Everything Could Be Better Than It Is

 Protestors confront police outside the Governor's Residence in St. Paul at about 2:30 p.m. Friday, July 7, 2016. (Pioneer Press: Andy Rathbun)

Jamelle Bouie writes about how America is not coming apart:

There’s no context in which this string of violence wouldn’t have had a heavy impact on our politics. But in this particular year, it feels ominous. Just last month, we mourned the dozens killed in the hateful rampage through a gay nightclub in Orlando, Florida. We’ve seen an upswing in prejudiced and exclusionary rhetoric, and we have a presidential candidate in Donald Trump who condones and encourages it, all for the sake of his accidental campaign for president. Accordingly, the barriers we’ve built to keep racism and violence out of politics are faltering, and the international picture—where once-entrenched arrangements crash against the rocks of anger and bigotry—only adds to our anxiety. Groups and individuals see opportunity in this, and they begin to stoke flames of racial hatred for their own gain. It feels, in a visceral way, as if we’re coming apart.

But we’re not. This isn’t 1968, when wars, assassinations, and riots brought our society to its knees in a way that’s still hard to fathom. This isn’t 1992, when another case of police brutality sparked one of the worst conflagrations ever to strike an American city.

For as little political movement as we’ve seen on questions of police violence and racial bias, there are signs that the broad public—the white public—is waking up to the problem. Conservative writers like Matt Lewis in the Daily Caller or Leon Wolf in RedState are conceding the pervasiveness of police brutality. Prominent Republicans such as Paul Ryan did the same, praising President Obama’s remarks and hailing peaceful protests. Even Newt Gingrich—who once called Obama a “food stamp president”—agreed. “It’s more dangerous to be black in America,” he said. “You’re substantially more likely to be in a situation where police don’t respect you.”

Just because we have a few sane conservatives who have decided to say or write sane things doesn't really mean anything. Rich "Sparklepants" Lowry said something to the effect of 'only Donald Trump can restore law and order in America' and he was likely mocked everywhere just for being stupid again. I would not use people who spent decades benefitting from racial strife as my bellwether on anything right now.

I do think that the influence of the media has been wrongly applied, again and again, in these cases. It is not enough to play the videos that have caused so much angst and outrage on that same endless loop that numbs people to the situation. The proper historical context is often missing. What does it really mean to say that it is only because of the advent of the cellphone camera that we are able to believe people who have been getting roughed up or killed by the police? It means we don't view what's been happening in the right context--never accept the first official statement and don't reject the victim just because they look like a "thug." Analysts and anchors play the same circle jerk commentary over and over again, trying to be insightful but careful not to actually give an opinion. They could be doing something far more important. They could start to tell us why black lives matter is the natural result of a history that few Americans understand unless they have been caught up in the brutality of police on citizen violence.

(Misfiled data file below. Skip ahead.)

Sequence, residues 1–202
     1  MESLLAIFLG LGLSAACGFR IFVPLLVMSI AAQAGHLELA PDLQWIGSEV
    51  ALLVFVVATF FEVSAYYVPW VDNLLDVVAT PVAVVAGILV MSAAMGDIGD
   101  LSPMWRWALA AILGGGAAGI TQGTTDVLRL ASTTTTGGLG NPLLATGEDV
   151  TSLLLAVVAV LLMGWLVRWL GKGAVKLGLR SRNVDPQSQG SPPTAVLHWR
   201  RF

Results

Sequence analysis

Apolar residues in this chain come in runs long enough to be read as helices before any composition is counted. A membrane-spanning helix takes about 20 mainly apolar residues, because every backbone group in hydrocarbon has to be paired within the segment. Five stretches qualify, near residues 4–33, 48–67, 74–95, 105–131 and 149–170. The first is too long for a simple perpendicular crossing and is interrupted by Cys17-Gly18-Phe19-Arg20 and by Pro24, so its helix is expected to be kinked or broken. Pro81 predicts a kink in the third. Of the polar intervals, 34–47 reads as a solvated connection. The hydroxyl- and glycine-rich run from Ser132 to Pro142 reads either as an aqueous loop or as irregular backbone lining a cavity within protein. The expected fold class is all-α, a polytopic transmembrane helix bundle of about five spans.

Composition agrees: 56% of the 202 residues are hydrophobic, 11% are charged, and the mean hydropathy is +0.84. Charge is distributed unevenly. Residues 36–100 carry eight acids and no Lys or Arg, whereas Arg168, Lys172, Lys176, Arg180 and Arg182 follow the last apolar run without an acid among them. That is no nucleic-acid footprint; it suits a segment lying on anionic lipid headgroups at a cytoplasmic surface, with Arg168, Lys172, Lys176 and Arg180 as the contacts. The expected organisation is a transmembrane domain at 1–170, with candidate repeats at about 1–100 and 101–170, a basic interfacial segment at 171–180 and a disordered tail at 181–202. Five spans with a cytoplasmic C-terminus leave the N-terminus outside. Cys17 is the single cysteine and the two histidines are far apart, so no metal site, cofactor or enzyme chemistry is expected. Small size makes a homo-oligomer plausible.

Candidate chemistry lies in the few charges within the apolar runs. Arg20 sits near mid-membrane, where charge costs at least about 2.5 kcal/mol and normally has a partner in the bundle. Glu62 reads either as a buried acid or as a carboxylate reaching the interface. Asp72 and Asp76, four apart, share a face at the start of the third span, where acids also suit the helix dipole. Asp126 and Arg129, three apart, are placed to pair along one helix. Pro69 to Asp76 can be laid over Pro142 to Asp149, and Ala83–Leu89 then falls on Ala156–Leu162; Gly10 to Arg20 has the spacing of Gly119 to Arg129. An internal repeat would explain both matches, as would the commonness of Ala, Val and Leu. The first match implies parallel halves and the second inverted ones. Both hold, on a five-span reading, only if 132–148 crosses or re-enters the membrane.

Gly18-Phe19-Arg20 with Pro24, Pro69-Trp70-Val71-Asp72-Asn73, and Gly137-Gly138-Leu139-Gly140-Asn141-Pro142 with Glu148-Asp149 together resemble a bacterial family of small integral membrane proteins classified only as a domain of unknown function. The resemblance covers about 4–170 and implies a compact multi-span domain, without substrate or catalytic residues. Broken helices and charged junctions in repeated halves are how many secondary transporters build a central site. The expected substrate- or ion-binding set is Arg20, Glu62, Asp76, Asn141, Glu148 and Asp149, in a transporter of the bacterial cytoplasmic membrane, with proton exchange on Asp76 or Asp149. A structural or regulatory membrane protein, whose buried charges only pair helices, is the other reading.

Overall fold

And, no, you can't just automatically say that most cops are good. That doesn't excuse the ones that are bad, and there are far too many of them to wave away with generalizations. Putting one innocent person to death completely undermines the death penalty. Same with killing someone for having a busted tail light. We have to do better or things will not improve.

Mark Dayton could have gone down in history as a joke and an afterthought. He, at one time, was perennially running for higher office and losing. His political career is strung with defeat and near-ruinous election results. His time as a U.S. Senator was not distinguished at all. But he really redeemed himself when he correctly pointed out that if Philando Castile has been white, he would still be alive today. 

“Would this have happened if … the driver and passenger would have been white? I don’t think it would.”

That's exactly the kind of context that has been missing until provided by the governor. And, oh yeah, he's being condemned for his remarks, you can be well assured of that (being a flaming jackass seems to be a requirement for running a police union nowadays). What I find to be encouraging is that, in light of what has happened, you're getting the absolute correct context from a sitting governor and you're then able to identify the assholes who represent backwards thinking and an inconsiderate mindset. This could be a lot better than it is right now. A more informed public would improve things, but so would more jobs, more opportunity, and a reduction in the amount of basic assholery found in the land.

America is NOT coming apart because we are getting better at rejecting the ideas put forward by those who don't care about others. I see more and more of the bullshit (Donald Trump, proprietor) being labeled as such. I am hoping that, sometime soon, someone will cut the microphone on these people and add much needed context to what is happening in America. You wanna be a gatekeeper? Then be one. The sanity of this country depends on it.